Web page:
The Strange Link Between Obamacare and Food Stamps

Ever since Obamacare has been implemented, food stamp usage has increased, seemingly disconnected from the “improving” economy:

In most affected states, the enrollment increases were not huge, ranging from 1 percent to 6 percent over two years, according to an Associated Press analysis. The sole exception was Nevada, where enrollment shot up 14 percent.

The enrollment is climbing as Republicans try to cut the costs of the food program and at a time when food-stamp usage would normally be expected to decline. Eligibility rules have not changed.

West Virginia’s food-stamp enrollment increased 4 percent after a Medicaid expansion that was part of the health care changes. Enrollment jumped because people were “more engaged with our systems and more aware what they’re eligible for,” said Jeremiah Samples of the West Virginia Department of Health and Human Resources.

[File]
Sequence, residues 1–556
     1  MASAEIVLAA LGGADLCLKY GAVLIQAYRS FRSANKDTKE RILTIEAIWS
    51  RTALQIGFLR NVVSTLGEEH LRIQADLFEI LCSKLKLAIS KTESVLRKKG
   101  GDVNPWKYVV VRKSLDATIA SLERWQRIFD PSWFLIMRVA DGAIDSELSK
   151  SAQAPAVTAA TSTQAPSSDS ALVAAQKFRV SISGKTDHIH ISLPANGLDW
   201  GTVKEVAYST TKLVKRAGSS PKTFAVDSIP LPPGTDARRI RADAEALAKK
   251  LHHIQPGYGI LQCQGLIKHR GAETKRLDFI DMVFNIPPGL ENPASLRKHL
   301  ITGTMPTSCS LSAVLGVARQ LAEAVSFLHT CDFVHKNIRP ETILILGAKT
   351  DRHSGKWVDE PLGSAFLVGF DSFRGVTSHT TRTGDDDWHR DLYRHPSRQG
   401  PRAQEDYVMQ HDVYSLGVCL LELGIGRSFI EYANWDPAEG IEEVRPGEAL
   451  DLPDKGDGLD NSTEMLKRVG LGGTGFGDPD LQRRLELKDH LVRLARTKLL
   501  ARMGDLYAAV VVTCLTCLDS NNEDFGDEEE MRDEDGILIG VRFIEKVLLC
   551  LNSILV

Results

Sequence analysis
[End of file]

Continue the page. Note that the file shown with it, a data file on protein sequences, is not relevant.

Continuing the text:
So Obamacare forces people to engage with the welfare system in at least one way, and some of those people are dipping into other welfare services while they’re there. Because why not?

Everyone knew Obamacare was going to be more expensive than anyone had predicted. But not even the most diehard opponent of Obamacare foresaw this. People would have said we were grasping at straws if we had predicted an up-tick in welfare enrollment correlated to Obamacare. Yet that is just what is happening.

So what’s the solution? The solution is obvious. Get the civil government out of the welfare business. They are really terrible at it. By that, I mean that they are really terrible at actually helping people. They are very adept at finding new ways to give “support” to people who would probably be better off without it in the long-term.

There probably isn’t a chance of abolishing Obamacare at this point. Everyone points to how well it’s working. No one seems to care that we can’t afford it. Well at least we’ll be able to eat some freshly minted food stamps when the economy collapses.